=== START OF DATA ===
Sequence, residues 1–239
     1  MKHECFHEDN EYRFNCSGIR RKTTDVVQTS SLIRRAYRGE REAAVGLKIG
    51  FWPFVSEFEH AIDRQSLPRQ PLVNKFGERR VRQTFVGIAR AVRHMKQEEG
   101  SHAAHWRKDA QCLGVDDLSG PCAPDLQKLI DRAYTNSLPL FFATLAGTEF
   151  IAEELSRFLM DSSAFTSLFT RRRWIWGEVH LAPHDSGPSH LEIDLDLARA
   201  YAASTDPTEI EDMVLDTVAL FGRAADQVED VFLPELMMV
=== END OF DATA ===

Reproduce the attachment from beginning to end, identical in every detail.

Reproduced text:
Sequence, residues 1–239
     1  MKHECFHEDN EYRFNCSGIR RKTTDVVQTS SLIRRAYRGE REAAVGLKIG
    51  FWPFVSEFEH AIDRQSLPRQ PLVNKFGERR VRQTFVGIAR AVRHMKQEEG
   101  SHAAHWRKDA QCLGVDDLSG PCAPDLQKLI DRAYTNSLPL FFATLAGTEF
   151  IAEELSRFLM DSSAFTSLFT RRRWIWGEVH LAPHDSGPSH LEIDLDLARA
   201  YAASTDPTEI EDMVLDTVAL FGRAADQVED VFLPELMMV